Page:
Cuba is looking to crack down on customs in a new set of limits that they believe will help curb import abuse. Rules that went into effect on Monday have set strict limits on the number of products allowed to be brought into Cuba. Along with the number limitations, there are also higher custom duties being charged. The government’s hope is that these stricter rules will actually stop or at least limit some of the abuses to the importation of merchandise.
When travel restrictions between the United States and Cuba were eased over the last five years, it allowed people to essentially become mules. It is estimated that these travelers were able to bring in over $2 billion in products every year. Everything from televisions and electronics to bicycles and car tires has been brought through airport customs. While many of these goods ended up with families of the travelers, others ended up on the black market. It is the black market trade that the Cuban government is hoping to curtail.
The checked bags of many individuals might contain loads of underwear, jeans or beauty products that people were bringing in for family or friends. The baggage carousels reminded many of a Target store being cleaned out. Now that will change.
As of Monday, restrictions are in place with limits on the weight, quantities and even prices of items coming into the country. The new restrictions limit individuals from bringing in merchandise valued over $1000. To make sure that these numbers are being met, the government has given customs officials’ price lists. Instead of having travelers show receipts for the merchandise being brought in, a set price is being used to determine the value of the goods. Even the duties being paid on merchandise being shipped into Cuba from abroad have increased under the new rules.
Many Cubans are unhappy with these new restrictions being implemented. In fact, Cuba’s crack down on customs means that the high end products that the people have come to expect will no longer be able to make it into the country. Complaints from citizens have continued to pour in as they address the issue of not being able to get new clothes or the tools they may need in order to work on their vehicles.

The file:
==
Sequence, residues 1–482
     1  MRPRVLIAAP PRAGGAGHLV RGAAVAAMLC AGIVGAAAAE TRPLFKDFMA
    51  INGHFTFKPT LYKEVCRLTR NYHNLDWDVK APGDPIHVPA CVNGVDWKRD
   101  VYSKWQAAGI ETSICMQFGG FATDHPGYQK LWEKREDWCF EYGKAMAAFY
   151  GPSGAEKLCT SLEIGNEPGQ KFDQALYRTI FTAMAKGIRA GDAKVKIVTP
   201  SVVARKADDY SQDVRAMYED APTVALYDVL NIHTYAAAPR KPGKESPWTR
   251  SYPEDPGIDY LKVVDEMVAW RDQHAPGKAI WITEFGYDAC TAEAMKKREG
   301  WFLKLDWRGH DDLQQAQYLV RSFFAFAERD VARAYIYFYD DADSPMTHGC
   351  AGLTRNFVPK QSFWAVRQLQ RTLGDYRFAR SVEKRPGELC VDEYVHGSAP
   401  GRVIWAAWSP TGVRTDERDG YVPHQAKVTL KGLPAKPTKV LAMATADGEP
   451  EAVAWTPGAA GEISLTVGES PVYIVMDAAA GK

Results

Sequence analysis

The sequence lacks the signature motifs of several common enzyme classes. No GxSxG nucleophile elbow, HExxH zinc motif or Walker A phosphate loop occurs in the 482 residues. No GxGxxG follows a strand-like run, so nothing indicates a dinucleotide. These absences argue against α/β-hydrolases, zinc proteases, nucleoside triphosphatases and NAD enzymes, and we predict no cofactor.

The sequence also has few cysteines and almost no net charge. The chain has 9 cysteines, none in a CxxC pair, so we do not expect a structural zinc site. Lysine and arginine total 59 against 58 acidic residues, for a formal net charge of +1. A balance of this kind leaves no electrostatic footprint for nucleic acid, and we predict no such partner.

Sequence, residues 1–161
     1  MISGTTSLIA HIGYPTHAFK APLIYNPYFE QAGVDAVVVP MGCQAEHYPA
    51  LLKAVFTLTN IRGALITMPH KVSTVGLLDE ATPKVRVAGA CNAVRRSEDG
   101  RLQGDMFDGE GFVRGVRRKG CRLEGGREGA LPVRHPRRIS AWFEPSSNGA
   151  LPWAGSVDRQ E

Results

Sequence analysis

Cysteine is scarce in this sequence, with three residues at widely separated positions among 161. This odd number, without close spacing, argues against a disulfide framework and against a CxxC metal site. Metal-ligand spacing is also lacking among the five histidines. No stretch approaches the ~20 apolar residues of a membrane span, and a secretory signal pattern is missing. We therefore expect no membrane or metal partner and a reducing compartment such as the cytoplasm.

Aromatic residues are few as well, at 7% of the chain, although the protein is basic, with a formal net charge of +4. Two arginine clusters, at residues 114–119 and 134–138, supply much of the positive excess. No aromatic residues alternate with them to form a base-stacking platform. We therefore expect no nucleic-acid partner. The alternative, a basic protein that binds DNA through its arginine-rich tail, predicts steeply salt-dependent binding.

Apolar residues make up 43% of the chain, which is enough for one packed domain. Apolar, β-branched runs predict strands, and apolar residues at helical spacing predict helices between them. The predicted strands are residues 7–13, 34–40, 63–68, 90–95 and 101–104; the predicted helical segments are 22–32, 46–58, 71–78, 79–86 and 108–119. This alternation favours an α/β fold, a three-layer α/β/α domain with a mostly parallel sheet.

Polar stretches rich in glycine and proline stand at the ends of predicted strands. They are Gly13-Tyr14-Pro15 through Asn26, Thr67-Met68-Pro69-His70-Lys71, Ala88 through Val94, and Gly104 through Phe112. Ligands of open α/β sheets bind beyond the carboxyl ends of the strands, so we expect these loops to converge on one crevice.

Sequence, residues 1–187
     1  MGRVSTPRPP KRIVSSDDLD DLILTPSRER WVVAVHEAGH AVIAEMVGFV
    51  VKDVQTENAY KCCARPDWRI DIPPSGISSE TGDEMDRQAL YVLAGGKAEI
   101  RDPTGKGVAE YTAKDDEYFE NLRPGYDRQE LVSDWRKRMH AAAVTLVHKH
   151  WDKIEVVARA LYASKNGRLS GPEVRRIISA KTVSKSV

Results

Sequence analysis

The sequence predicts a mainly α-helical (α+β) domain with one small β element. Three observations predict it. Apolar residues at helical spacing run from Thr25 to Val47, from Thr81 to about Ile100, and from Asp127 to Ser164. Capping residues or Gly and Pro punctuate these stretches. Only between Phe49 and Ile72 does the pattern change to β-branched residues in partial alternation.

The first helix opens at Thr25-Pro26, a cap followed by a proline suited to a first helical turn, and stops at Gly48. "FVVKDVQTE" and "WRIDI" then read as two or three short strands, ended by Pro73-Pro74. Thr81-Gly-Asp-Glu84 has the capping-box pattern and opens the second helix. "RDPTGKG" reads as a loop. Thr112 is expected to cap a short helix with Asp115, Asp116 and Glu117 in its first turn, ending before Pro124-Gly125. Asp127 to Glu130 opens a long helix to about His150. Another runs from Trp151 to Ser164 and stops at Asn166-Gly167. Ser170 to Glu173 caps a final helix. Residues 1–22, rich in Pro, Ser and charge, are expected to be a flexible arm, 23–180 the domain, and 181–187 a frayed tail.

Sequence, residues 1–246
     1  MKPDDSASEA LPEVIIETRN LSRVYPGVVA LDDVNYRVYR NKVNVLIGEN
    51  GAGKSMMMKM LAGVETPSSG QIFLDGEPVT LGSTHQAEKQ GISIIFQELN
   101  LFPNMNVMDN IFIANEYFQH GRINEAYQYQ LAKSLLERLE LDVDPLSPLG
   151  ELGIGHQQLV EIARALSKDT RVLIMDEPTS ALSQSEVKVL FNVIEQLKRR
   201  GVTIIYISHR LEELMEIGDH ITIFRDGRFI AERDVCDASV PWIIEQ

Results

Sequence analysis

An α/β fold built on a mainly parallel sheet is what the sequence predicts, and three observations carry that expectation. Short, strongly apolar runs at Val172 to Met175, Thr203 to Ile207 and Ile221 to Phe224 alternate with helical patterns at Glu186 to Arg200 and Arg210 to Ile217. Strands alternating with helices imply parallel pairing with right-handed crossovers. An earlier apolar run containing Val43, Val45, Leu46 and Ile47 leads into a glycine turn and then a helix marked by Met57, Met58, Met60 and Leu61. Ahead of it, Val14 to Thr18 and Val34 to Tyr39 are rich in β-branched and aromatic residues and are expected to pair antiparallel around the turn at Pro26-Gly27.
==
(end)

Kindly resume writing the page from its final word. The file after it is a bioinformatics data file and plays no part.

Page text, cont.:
As these new rules go into effect, many individuals are already seeing a difference. Visitors to Cuba are coming in with fewer goods. They are no longer able to give to everyone in the family as they once might have. Where there was once an airport bustling with activity and trailers hauling off merchandise, there are now fewer bags, less imports and perhaps even fewer people.
While the citizens of Cuba are unhappy with these new rules, the government is hoping that this crack down on customs helps limit future abuses. While the government continues to address the people with examples of what they are trying to curtail and reasons for its decision to limit customs, many are still trying to determine what that means for them. Even the import stores are taking a hit from these changes and many will have to wait and see how this crackdown in Cuba plays out.
By Kimberley Spinney